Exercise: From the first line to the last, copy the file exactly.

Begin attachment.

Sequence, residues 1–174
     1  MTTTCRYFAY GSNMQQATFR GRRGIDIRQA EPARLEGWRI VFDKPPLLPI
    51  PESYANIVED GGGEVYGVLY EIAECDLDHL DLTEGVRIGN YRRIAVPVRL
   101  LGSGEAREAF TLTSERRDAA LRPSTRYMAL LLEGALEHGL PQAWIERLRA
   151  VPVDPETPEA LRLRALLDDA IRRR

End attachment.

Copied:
Sequence, residues 1–174
     1  MTTTCRYFAY GSNMQQATFR GRRGIDIRQA EPARLEGWRI VFDKPPLLPI
    51  PESYANIVED GGGEVYGVLY EIAECDLDHL DLTEGVRIGN YRRIAVPVRL
   101  LGSGEAREAF TLTSERRDAA LRPSTRYMAL LLEGALEHGL PQAWIERLRA
   151  VPVDPETPEA LRLRALLDDA IRRR